Nolan Arenado
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Nolan Arenado feels ‘disrespected’ by Rockies GM Jeff Bridich


UPDATE: On Tuesday morning Jeff Passan of ESPN reported that Arenado’s displeasure stems from the Rockies not making any additions to the roster and not expanding team payroll despite last year’s poor finish. Passan:

When the organization signaled early this offseason that it did not intend to expand its payroll this winter, Arenado expressed betrayal, according to sources, believing Colorado was not doing enough to improve a team coming off a 71-91 season.

Monday, 10:13 PM: Rockies third baseman Nolan Arenado has been mentioned in trade rumors since the 2019 season ended, but so far he has yet to find a new home. Earlier today, GM Jeff Bridich told The Denver Post he expects the Rockies to start the 2020 season “with Nolan in the purple and black and as our third baseman.”

Arenado wasn’t a happy camper about the news. Per’s Thomas Harding, Arenado said via text message, “There’s a lot of disrespect from people there that I don’t want to be a part of. You can quote that.” Arenado continued, “You ask what I thought of Jeff’s quotes and I say I don’t care what people say around there. There is a lot of disrespect.” The five-time All-Star did not get into specifics about what he found disrespectful. He clarified to Harding that it’s not the trade rumors he finds irritating.

Arenado, 28, signed an eight-year, $260 million contract extension with the Rockies 11 months ago. However, the deal contains an opt-out clause after the 2021 season — something that Bridich, not Arenado, pushed for in the deal, as Marc Normandin noted.

Though the Rockies are not exactly rebuilding, Arenado described to The Athletic last September that the organization’s current situation “feels like a rebuild.” Arenado has wanted the Rockies to show a commitment towards building a competitive team. Thus far this offseason, the Rockies have yet to sign a free agent to a guaranteed major league contract. The Rockies and the Cubs are the only teams that haven’t done so.

This isn’t even the first time in recent memory that the Rockies’ relationship with a star homegrown player has soured. Former shortstop Troy Tulowitzki also had an abrupt exit from Colorado due to tensions with Bridich.

This is a messy situation for the Rockies. Arenado going public with his displeasure significantly weakens the club’s leverage in trade negotiations. The Cardinals, Rangers, and Braves have been most commonly linked with Arenado in trade talks throughout the offseason. It sounds like Arenado’s days in Colorado are numbered even if only one half of the equation wants it that way.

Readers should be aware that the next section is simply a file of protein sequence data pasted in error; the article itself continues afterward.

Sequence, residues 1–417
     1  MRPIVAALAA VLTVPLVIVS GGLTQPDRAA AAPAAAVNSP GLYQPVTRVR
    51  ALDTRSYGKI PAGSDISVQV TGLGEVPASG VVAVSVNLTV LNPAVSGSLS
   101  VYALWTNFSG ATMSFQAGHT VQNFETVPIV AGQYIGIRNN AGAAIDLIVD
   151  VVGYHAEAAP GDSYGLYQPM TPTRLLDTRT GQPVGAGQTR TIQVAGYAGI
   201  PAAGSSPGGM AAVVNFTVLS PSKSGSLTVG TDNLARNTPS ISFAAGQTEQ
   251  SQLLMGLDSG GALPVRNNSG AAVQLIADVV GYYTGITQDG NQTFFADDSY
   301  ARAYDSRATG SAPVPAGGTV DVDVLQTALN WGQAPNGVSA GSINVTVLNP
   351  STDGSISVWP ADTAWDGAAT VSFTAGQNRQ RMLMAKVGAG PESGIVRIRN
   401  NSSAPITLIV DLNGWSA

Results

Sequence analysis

Maddon: Shohei Ohtani won’t pitch again for Angels this year

Shohei Ohtani
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Shohei Ohtani won’t pitch again this season for the Los Angeles Angels after straining his right forearm in his second start, manager Joe Maddon says.

Ohtani likely will return to the Angels’ lineup as their designated hitter this week, Maddon said Tuesday night before the club opened a road series against the Seattle Mariners.

The Angels’ stance on Ohtani is unsurprising after the club announced he had strained the flexor pronator mass near the elbow of his pitching arm. The two-way star’s recovery from the strain requires him to abstain from throwing for four to six weeks, which covers most of the shortened 2020 season.

“I’m not anticipating him pitching at all this year,” Maddon said. “Any kind of throwing program is going to be very conservative.”

Ohtani was injured Sunday in the second inning of his second start since returning to the mound following Tommy John surgery in late 2018. Ohtani issued five walks during the 42-pitch inning against the Houston Astros, with his velocity dropping later in the frame.

The arm injury is another obstacle in Ohtani’s path to becoming the majors’ first true two-way player in decades. He made 10 mound starts as a rookie in 2018 before injuring his elbow, but he served as the Angels’ regular designated hitter last season while recovering from Tommy John surgery.

Ohtani has pitched in only three games since June 2018, but the Angels still believe in Ohtani’s ability to be a two-way player, Maddon said.

“I’m seeing that he can,” Maddon said. “We’ve just got to get past the arm maladies and figure that out. But I’ve seen it. He’s just such a high-end arm, and we’ve seen what he can do in the batter’s box. Now maybe it might get to the point where he may choose to do one thing over the other and express that to us. I know he likes to hit. In my mind’s eye, he’s still going to be able to do this.”

The veteran manager believes Ohtani will benefit from a full spring training and a normal season. Ohtani wasn’t throwing at full strength for a starter when the coronavirus pandemic shut down spring training in March because he wasn’t expected to pitch until May as he returned from surgery.

“Going into a regular season with a normal number of starts and all the things that permit guys to be ready for a year, that’s what we need to see is some normalcy before you make that kind of determination,” Maddon said.

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